Willie Rennie: Scottish LibDem Leader
It would be churlish of me to let the day pass without offering my congratulations to Willie Rennie, the first of the new party leaders to find himself in situ having acceded to the LibDem Leadership today. Generally, contests are seen as positive and leaders who just walk into the role tend to be regretted, sometimes almost resented, by the party, but I think this was probably the best move for the LibDems as a contest when the pool of contenders was just four would have looked quite ludicrous.
Still, it may be a little galling for the remaining MSPs (discounting Tavish Scott, of course): Jim Hume, Liam McArthur and Alison McInnes, who are all only embarking on their second term in the Parliament but have served for four years more than their new Leader. Nevertheless, he was the best choice for now. As the hero of the Dunfermline & West Fife By-Election, he occupies a place in the Scottish LibDem firmament broadly equivalent to the status enjoyed by Winnie Ewing in the SNP. Given the almost mindbending severity of the punishment meted out to his party a fortnight ago, he will be uniquely placed to rally the remaining faithful and get them to dust themselves off and get ready again. The first election he’ll see as Leader will be the Inverclyde By-Election (yet to be called) to replace the late David Cairns. The LibDems came third here with just 13.3% of the vote so judging by recent performances it’ll be a morale booster if the LibDems either hold onto third or retain their deposit, and it’ll be a total miracle if they can do both. The first real, nationwide test will come in next year’s local elections where the LibDems are defending 166 Councillors, 12.7% of the vote and Leadership of Edinburgh and Aberdeen Councils. If the party can hold on to half that vote, and 50-60 Councillors, then he’ll have passed the first test: not making an advance, not stopping the rot, but at least slowing the decline.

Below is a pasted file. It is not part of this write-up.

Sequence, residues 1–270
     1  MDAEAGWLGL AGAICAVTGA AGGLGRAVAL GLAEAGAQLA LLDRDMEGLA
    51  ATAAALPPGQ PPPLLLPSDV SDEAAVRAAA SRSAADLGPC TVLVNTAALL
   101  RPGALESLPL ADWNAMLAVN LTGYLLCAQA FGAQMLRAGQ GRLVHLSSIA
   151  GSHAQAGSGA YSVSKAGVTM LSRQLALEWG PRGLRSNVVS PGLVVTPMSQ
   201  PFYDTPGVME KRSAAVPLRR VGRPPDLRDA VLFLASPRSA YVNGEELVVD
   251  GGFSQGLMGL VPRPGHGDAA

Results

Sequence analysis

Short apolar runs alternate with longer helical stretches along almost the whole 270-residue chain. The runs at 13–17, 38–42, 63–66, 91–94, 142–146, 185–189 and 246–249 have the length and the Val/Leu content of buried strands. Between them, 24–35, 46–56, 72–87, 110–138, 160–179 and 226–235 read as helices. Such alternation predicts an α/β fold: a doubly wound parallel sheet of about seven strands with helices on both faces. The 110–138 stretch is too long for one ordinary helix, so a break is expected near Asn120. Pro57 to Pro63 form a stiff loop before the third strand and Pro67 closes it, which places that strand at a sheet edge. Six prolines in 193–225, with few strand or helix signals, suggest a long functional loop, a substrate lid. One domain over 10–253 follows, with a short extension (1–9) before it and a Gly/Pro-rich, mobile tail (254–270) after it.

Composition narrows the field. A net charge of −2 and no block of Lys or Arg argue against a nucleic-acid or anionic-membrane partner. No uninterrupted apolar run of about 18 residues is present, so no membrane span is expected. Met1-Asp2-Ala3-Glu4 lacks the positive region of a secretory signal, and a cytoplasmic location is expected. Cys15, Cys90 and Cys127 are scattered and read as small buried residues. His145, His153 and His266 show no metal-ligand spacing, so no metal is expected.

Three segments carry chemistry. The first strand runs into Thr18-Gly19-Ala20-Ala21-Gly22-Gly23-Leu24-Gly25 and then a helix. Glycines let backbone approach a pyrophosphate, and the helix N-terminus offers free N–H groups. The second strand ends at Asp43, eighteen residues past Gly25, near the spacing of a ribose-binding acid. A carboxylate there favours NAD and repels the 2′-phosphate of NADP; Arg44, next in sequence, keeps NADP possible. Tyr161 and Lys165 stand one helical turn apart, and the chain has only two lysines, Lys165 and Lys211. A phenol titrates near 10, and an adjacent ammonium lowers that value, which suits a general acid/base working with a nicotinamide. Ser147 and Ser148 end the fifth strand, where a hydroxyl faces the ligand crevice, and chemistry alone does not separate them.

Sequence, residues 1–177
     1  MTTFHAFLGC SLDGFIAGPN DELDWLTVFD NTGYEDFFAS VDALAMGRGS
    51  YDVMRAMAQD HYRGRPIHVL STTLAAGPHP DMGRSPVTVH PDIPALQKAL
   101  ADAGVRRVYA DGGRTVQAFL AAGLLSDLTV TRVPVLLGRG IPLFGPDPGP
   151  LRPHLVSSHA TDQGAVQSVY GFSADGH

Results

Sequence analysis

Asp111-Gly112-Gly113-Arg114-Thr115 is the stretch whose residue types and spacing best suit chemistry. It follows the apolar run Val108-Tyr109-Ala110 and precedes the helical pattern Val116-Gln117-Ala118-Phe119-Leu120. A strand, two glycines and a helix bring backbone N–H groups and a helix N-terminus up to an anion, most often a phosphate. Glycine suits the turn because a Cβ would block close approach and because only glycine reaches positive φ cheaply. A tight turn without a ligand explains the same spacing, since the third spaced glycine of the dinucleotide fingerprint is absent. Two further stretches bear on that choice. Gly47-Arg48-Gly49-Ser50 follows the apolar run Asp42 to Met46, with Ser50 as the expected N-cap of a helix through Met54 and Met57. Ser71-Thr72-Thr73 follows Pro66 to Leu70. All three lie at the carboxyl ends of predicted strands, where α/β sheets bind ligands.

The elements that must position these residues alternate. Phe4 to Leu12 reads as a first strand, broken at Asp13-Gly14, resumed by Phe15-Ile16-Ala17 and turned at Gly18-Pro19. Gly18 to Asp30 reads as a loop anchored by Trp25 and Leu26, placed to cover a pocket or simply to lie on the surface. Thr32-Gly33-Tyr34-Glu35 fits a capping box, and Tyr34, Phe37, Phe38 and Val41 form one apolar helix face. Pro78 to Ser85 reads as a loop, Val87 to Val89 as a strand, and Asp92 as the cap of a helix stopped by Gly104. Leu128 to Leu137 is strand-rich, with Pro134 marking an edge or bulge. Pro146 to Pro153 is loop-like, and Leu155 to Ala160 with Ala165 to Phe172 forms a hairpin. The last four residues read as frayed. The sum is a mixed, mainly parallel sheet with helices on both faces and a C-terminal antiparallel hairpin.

That said, not all the omens are good for Willie Rennie: at a time when LibDem participation in the Coalition is not popular in Scotland, the last person people may want to hear from is a former Special Adviser to the Coalition’s Secretary of State for Scotland, Michael Moore. And Labour’s experiences of promoting former Special Advisers to the Secretary of State for Scotland, Wendy Alexander (who worked for Donald Dewar) and Iain Gray (who worked for Alistair Darling) did not end in success. Rennie’s pedigree may work against him, as may this comment:
I will be working with my colleagues in the Scottish Parliament to stand up to the SNP bulldozer.
Now, obviously, everyone’s working out how to deal with the return of majority government, but firstly, it’s a little rich to hear objections from the party that formed a majority Coalition bulldozer with Labour at Holyrood from 1999 to 2007, and now is in a majority Coalition bulldozer with the Tories at Westminster. And secondly, the naked hostility shown to the SNP by the LibDem Leadership over the past few years has done the party no favours whatsoever. Perhaps, just perhaps, the LibDems ought to take a more conciliatory line. After all, even if the LibDems had played nicely for the last four years, there’s no guarantee that they’d have secured much beyond the occasional Budget concession – the flagship policy of Local Income Tax would only have enjoyed the support of 63, maybe 64 MSPs even if the SNP and LibDems could have worked out the details – while playing hardball could yield results if the LibDems could get the other parties on board.
This time, sitting there throwing a wobbly at everything done or said by the SNP will get them nowhere: they’re still the third largest opposition group and with a much reduced contingent (if Willie Rennie gets a weekly FMQs spot he’ll be getting treated better than the Green or SSP Leaders did in the 2003-07 Parliament when they each had more MSPs than he does now) and so a far smaller platform. If they actually try talking with the SNP rather than shouting at them, or taking the huff at any idea simply because it was had by Alex Salmond. Think about that – a group of just five MSPs actually getting concessions from a majority government!
It could happen, and it could be the LibDems’ easiest ticket to restored credibility… if Willie Rennie has the balls to try it.
Sadly, his little announcement today suggests that he might not. We shall see.